Lan­guage app for phones un­veiled

China Daily (Canada) - - FRONT PAGE - By NIU YUE in New York

Learn­ing Chi­nese just got more hands-on.

The Con­fu­cius In­sti­tute at Pace Uni­ver­sity (Pace CI) an­nounced the launch of a new Chi­nese lan­guage­learn­ing cell­phone ap­pli­ca­tion — Phoenix Chi­nese — along with its part­ner Phoenix Pub­lish­ing and Me­dia Group (PPMG) on Tues­day in New York.

“We are very glad to see the launch of the Phoenix Chi­nese App in Amer­ica for Chi­nese learn­ing and we are es­pe­cially glad to see this be­ing done at Pace Uni­ver­sity,” said Chen Xu, con­sul of the Con­sulate Gen­eral of China in New York dur­ing the app launch cer­e­mony. “This is an ef­fort in ac­cor­dance with an old Chi­nese proverb that peo­ple should keep pace with times.”

The Phoenix Chi­nese App is de­signed to be used in con­junc­tion with a pro­gres­sive text­book of the same name that the Pace CI de­vel­oped and PPMG pub­lished.

Nira Her­re­mann, dean of the Dyson Col­lege of Arts and Sciences at Pace Uni­ver­sity, said the pro­gram is dif­fer­ent from other Chi­nese lan­guage learn­ing apps.

“Our goal in cre­at­ing the app was to fill a par­tic­u­lar need for stu­dents who want to learn Chi­nese that are col­lege level and are in­ter­ested in the HSK tests,” Her­re­mann said.

The HSK Chi­nese pro­fi­ciency test is an in­ter­na­tional stan­dard­ized exam that tests and rates Chi­nese lan­guage pro­fi­ciency at six dif­fer­ent lev­els. The Pace CI is the first HSK on­line ex­am­i­na­tion cen­ter in New York.

“This is a unique ap­proach that makes sure stu­dents learn the HSK vo­cab­u­lary in the right or­der so they can begin pass­ing the tests that en­able them to go and study in China and to get schol­ar­ships in China,” said Her­re­mann.

Phoenix Chi­nese now of­fers learn­ing mod­ules to HSK level 3 by us­ing a sci­en­tific and sys­tem­atic ap­proach, with prac­ti­cal pre­sen­ta­tions and an in­ter­ac­tive in­ter­face.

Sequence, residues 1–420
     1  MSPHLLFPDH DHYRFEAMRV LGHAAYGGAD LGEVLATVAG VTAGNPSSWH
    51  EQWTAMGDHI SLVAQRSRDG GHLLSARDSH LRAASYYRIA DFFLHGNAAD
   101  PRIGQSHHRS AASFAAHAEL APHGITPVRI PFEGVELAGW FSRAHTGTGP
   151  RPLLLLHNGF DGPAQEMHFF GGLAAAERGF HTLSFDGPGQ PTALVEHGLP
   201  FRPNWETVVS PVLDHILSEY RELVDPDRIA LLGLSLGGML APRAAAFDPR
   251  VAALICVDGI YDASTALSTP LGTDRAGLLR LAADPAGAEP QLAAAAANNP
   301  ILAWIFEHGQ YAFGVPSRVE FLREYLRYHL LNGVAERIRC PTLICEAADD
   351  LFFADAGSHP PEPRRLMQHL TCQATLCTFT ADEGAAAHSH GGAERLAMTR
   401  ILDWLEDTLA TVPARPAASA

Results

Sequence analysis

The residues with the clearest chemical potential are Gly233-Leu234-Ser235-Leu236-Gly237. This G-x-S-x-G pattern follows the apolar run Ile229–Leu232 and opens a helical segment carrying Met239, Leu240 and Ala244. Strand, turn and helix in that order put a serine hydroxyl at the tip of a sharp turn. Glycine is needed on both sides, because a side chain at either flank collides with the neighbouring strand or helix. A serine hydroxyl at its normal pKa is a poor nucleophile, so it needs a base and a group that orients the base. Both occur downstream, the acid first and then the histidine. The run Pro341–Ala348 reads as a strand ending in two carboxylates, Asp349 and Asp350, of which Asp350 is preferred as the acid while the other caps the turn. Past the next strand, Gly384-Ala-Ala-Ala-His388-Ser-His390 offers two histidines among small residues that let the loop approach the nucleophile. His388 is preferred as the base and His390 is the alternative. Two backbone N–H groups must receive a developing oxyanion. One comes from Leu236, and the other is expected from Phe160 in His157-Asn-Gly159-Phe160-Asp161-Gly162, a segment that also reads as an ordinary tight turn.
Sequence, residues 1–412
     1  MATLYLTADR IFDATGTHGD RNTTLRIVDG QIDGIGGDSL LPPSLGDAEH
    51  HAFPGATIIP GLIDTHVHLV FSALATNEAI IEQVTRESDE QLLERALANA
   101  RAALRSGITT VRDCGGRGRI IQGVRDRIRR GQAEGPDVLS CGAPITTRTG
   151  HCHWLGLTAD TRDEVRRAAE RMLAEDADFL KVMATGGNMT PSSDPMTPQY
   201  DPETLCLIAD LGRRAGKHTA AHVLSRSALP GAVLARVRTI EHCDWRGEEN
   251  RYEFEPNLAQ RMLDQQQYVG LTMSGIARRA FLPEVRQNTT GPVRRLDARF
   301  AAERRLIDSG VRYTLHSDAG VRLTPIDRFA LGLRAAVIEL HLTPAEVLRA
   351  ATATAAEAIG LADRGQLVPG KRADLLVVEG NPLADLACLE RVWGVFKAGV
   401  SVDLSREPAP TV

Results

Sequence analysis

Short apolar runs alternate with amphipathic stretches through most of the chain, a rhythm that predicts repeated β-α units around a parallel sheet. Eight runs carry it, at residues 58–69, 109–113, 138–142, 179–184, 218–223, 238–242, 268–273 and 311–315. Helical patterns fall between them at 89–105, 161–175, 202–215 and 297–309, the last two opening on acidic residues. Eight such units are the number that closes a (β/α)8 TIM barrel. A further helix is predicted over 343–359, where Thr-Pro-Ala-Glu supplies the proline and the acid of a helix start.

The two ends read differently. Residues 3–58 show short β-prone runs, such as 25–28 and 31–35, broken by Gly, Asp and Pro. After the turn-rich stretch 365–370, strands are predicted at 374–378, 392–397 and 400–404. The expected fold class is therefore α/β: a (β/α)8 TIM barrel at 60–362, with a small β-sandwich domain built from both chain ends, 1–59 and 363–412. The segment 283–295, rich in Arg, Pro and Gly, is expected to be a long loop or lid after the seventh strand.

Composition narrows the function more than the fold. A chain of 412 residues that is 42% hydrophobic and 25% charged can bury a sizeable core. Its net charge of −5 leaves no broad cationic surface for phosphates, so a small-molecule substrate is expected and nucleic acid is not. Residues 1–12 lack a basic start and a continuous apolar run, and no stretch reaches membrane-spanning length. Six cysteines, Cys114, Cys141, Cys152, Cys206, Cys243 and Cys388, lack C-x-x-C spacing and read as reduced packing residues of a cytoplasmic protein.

“With the rapid de­vel­op­ing co­op­er­a­tion be­tween China and the US, mu­tual lan­guage learn­ing is be­com­ing more im­por­tant and nec­es­sary than ever be­fore,” Chen said.

In ad­di­tion to lan­guage learn­ing, the app can be used for Sino-US cul­tural contrasts, as users role-play char­ac­ters in sit­u­a­tions and roles familiar to Amer­i­cans, ac­cord­ing to the app’s brochures.

Uday Sukhame, provost of Pace Uni­ver­sity, said, “Times have changed, stu­dents have changed, teach­ing and learn­ing has changed. Un­like the old days, to­day’s ba­bies are born with a com­puter in their hand, so we have to ad­just our ways of teach­ing so as to meet their re­quire­ments.”

“We hope that the other CIs in English-speak­ing coun­tries will also adopt this ap­proach and will find the app very use­ful,” Her­re­mann said. “We can use this as a ba­sis for ex­pand­ing the vo­cab­u­lary of our stu­dents and also for ex­pand­ing the au­di­ences by us­ing this app as a ba­sis for new and more gen­eral apps as well.” Hong Xiao in New York con­trib­uted to this story

Nira Her­re­mann(

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